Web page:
6.2 Arrangements are present to promote a culture and climate of effective safeguarding at Chetham’s School of Music but the arrangements are not routinely and reliably implemented, robustly applied, monitored or evaluated by the senior leadership team, governors and Feoffees. This demonstrates inadequate oversight of safeguarding by the proprietors and therefore the Local Authority is not confident about the overall effectiveness of the leadership and governance of safeguarding arrangements in the school.
6.3 The Feoffees as proprietors of the school have not effectively discharged their duties with respect to safeguarding and promoting the welfare of pupils. They have not ensured that the Headteacher has fulfilled her duties for the effective implementation of the school’s policies and procedures in regard to safeguarding and promoting the welfare of pupils.
6.4 It is our view that in similar circumstances, in a state-maintained school setting, the nature of these findings, including the current context referred to in 6.1 above, would lead us to invite the chair of governors or trustees to a formal review meeting to discuss the capacity for governance and senior leadership to address the failings identified.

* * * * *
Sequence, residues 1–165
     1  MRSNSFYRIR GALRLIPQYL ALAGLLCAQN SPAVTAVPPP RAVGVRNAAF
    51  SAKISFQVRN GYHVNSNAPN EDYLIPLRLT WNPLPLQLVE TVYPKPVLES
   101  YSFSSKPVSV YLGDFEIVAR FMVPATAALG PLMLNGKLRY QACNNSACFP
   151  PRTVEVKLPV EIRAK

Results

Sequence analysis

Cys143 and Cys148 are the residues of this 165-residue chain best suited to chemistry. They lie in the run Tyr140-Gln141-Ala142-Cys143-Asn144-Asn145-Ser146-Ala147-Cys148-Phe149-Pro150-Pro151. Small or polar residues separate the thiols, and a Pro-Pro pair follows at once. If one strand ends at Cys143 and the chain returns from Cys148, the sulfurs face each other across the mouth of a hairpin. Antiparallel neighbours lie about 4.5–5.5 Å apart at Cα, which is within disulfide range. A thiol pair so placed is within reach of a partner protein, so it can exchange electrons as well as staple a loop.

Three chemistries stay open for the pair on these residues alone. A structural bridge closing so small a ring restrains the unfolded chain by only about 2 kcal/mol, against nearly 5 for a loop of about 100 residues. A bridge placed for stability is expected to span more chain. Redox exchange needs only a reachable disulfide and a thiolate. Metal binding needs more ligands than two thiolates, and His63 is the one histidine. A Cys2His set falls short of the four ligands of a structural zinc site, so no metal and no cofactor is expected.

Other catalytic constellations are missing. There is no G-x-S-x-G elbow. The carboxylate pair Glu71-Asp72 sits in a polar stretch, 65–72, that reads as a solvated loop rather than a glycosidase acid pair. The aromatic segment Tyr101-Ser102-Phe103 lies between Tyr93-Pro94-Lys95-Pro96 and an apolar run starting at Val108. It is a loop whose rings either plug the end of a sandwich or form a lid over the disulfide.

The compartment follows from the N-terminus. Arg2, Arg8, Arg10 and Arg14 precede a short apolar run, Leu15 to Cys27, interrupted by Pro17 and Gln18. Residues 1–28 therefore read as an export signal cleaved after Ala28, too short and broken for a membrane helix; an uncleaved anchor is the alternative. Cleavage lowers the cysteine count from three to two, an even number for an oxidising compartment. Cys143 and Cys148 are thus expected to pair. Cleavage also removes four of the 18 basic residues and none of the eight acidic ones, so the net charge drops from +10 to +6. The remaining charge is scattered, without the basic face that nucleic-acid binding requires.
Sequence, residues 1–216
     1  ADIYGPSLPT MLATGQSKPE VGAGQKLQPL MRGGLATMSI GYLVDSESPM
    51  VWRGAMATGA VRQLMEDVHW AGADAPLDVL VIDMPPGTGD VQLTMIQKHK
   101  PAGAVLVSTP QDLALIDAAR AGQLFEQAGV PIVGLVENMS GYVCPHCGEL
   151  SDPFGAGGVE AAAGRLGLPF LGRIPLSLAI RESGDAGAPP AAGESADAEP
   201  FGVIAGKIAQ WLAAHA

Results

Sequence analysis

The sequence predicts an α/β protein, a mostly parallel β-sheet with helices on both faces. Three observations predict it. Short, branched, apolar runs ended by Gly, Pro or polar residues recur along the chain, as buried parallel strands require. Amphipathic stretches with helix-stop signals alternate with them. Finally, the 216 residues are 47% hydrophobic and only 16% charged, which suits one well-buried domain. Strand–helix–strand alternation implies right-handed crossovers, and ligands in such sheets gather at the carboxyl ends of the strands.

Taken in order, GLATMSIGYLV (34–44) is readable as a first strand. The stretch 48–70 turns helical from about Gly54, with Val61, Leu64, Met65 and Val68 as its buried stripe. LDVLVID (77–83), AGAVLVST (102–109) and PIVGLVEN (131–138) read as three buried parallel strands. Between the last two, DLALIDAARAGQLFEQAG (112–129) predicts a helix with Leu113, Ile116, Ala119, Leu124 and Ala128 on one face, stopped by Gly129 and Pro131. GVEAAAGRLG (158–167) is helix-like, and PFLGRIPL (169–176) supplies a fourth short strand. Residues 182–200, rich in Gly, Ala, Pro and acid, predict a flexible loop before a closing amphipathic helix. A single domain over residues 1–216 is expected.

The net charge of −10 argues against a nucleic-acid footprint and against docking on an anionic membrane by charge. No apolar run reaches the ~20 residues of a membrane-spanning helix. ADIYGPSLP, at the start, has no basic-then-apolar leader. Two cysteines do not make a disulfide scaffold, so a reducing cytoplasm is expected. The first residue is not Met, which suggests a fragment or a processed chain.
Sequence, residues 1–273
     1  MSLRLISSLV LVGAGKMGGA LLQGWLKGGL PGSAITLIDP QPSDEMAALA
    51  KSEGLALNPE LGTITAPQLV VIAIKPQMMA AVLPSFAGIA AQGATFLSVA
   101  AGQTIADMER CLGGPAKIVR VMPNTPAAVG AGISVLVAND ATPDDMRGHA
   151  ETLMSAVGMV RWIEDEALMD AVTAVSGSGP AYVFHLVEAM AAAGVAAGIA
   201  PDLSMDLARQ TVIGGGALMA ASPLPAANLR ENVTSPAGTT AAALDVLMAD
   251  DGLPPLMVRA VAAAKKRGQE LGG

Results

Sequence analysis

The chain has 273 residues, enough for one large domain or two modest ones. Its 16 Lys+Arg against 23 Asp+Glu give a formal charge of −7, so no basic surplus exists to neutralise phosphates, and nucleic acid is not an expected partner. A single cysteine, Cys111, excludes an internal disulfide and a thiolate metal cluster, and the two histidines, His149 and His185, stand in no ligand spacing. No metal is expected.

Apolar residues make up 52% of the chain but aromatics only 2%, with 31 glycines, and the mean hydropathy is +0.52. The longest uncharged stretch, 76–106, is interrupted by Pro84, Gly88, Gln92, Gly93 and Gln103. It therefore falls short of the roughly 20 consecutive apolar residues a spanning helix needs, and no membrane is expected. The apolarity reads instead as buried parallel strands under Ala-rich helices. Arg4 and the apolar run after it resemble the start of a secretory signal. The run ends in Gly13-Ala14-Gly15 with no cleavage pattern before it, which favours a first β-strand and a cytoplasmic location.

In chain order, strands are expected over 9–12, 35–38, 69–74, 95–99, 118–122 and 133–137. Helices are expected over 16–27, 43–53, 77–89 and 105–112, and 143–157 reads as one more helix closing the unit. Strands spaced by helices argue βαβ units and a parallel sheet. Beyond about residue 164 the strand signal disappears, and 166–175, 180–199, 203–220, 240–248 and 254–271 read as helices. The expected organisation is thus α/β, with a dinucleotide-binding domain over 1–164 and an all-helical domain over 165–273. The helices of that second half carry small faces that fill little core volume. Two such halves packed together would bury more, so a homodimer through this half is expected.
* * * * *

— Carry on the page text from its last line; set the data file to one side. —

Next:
On Chetham’s website, they say the following, defensively:
Unfortunately we believe the time allowed for the Review was insufficient. We have made detailed written representations and submitted further documentation to both MCS and the ISI, seeking meetings with both organisations to discuss these points in detail. There is enormous interest in the School at the current time and it is imperative that Chetham’s, and all students, staff and parents associated with it, are treated and represented accurately.
In addition to further dialogue with the ISI and MCS, we will be seeking a meeting with the Department for Education to discuss the Review’s findings and share a detailed action plan to demonstrate how we are remedying the issues highlighted.
Much of what is detailed in the reports concurs with what I have heard from a variety of parents and recent pupils; and there are plenty of allegations suggesting that there have been dire consequences of these inadequacies. I can also disclose the following statement from the Department of Education (forwarded to me by Ciaran Jenkins of Channel 4 News and reproduced with permission) following these reports: